The Diocese of South Carolina is the Only Authority to Convene a Convention in the Diocese

Posted by Kendall Harmon

“What the Presiding Bishop is trying to do is to organize a new diocese of the Episcopal Church in this area," ...[ Bishop Mark Lawrence] said. “We in the Diocese of South Carolina have nothing to do with that undertaking. The name “The [Episcopal] Diocese of South Carolina” is the registered property and identity of the Diocese.”

Bishop Lawrence explained that the continued use of the Dioceses’ corporate name and identity by TEC is causing confusion among the members of the Diocese and the wider South Carolina public. “This misuse of our name and identity by TEC is a violation of South Carolina law and can subject it to liability for treble damages and attorneys’ fees, he explained. “I call upon TEC to cease and desist from the continued misuse of our name and identity.“

Read it all.

Filed under: * Anglican - EpiscopalEpiscopal Church (TEC)Presiding Bishop TEC ConflictsTEC Conflicts: South CarolinaTEC Polity & Canons* Culture-WatchLaw & Legal Issues* South Carolina

Posted December 22, 2012 at 2:00 pm [Printer Friendly] [Print w/ comments]

1. Katherine wrote:

I am not a lawyer.  At this point it seems to me that a cease and desist letter from the Diocese’s lawyer to TEC is called for.

December 22, 9:16 pm | [comment link]
2. Cennydd13 wrote:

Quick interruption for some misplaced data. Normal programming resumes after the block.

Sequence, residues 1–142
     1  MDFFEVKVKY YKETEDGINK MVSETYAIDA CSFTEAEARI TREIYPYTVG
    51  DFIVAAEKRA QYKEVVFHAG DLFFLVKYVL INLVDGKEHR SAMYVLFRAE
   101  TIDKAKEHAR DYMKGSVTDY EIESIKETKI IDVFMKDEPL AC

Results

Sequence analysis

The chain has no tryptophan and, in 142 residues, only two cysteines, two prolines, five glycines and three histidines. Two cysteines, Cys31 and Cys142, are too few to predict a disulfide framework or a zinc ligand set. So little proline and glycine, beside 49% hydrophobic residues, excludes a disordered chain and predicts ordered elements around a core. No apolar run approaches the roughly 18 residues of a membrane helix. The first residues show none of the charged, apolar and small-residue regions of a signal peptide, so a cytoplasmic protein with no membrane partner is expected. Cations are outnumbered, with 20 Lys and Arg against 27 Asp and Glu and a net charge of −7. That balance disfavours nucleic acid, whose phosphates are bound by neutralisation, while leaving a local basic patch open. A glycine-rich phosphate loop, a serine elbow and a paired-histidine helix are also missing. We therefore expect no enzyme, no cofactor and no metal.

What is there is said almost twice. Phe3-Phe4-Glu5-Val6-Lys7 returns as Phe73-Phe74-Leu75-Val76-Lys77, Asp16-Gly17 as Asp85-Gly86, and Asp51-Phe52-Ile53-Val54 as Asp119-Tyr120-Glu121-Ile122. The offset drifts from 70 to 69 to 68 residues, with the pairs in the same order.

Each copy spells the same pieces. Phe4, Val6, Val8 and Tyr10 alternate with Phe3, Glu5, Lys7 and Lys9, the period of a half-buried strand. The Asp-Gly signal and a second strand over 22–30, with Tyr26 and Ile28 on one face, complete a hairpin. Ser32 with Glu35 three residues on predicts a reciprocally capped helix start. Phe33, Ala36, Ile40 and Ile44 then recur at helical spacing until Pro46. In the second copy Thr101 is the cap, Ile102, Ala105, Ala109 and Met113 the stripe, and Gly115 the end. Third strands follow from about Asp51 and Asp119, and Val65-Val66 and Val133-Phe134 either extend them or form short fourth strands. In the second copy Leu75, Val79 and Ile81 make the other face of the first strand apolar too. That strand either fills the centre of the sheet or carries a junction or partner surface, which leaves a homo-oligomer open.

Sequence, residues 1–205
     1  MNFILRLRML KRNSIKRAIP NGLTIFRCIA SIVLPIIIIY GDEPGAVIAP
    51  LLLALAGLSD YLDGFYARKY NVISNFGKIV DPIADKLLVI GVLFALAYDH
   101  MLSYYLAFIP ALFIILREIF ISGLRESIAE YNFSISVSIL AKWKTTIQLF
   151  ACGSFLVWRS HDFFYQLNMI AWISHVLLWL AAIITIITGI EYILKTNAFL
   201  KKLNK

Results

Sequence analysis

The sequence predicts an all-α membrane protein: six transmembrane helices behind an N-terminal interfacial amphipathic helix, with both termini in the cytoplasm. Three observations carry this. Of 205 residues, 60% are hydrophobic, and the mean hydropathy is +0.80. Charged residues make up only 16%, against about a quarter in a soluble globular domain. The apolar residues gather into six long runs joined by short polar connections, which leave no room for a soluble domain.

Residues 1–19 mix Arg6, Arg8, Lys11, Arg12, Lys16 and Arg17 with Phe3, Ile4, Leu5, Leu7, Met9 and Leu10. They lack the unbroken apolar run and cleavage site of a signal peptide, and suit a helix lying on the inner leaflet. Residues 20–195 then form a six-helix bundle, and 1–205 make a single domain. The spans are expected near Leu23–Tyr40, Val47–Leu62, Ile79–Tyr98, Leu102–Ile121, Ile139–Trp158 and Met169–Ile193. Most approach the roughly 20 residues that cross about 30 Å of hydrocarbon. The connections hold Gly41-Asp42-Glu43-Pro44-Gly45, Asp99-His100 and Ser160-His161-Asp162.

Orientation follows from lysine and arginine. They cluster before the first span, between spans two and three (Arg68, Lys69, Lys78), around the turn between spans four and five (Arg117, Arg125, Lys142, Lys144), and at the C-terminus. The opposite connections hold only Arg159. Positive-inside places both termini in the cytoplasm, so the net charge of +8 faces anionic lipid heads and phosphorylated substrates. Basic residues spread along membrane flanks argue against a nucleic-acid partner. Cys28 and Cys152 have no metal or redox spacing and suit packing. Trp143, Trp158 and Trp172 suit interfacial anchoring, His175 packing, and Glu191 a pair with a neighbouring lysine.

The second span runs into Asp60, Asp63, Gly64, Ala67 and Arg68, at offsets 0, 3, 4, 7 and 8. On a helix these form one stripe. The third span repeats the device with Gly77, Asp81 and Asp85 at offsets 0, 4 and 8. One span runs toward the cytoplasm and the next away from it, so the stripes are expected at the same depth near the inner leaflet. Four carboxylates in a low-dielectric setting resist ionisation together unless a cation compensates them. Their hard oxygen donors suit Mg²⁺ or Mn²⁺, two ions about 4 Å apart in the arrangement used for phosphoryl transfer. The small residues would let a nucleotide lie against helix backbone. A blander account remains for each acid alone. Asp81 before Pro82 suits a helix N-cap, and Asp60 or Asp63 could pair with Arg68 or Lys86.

It will be ignored.

December 22, 10:12 pm | [comment link]
3. dwstroudmd+ wrote:

TEc has lots of practice imitating religion.

December 22, 10:33 pm | [comment link]
4. Chris wrote:

#2 I think you are right, but nonetheless we need to do it so ECUSA has official notice that they are misrepresenting themselves (fraud) by continuing this charade.

December 22, 11:36 pm | [comment link]
5. Northwest Bob wrote:

Perhaps her Most Reverendship will finally be hoist with her own legal petard.  Would be poetic justise.
In the Faith,
NW Bob

December 23, 3:10 am | [comment link]
6. Ralph wrote:

In another situation, I was advised that a cease and desist process properly begins with a polite-yet-firm letter from an agent of the corporation. This letter is, of course, carefully reviewed by the corporation’s attorney. I’d guess that’s what this is.

Attorneys on both sides know that the process will probably escalate if that first letter is ignored. The letter directly from the attorney isn’t usually necessary, although I’d guess that it will take that and a court order to stop TEC from taking over the civil aspect of the DioSC corporation.

The attorneys who comment at this site might speculate on the quote, “This misuse of our name and identity by TEC is a violation of South Carolina law and can subject it to liability for treble damages and attorneys’ fees” and whether TEC might even be subject to civil prosecution for trying to assume the DioSC civil corporate identity.

December 23, 8:04 am | [comment link]
7. Pb wrote:

SC law is often slightly different from other states. The best example is the Dennis canon decision. It would be good to hear from SC lawyer. TEC’s imperial church concept is at stake here and I suspect they will litigate the issue. I would expect them to file first.

December 23, 11:39 am | [comment link]
8. Cennydd13 wrote:

And they will lose.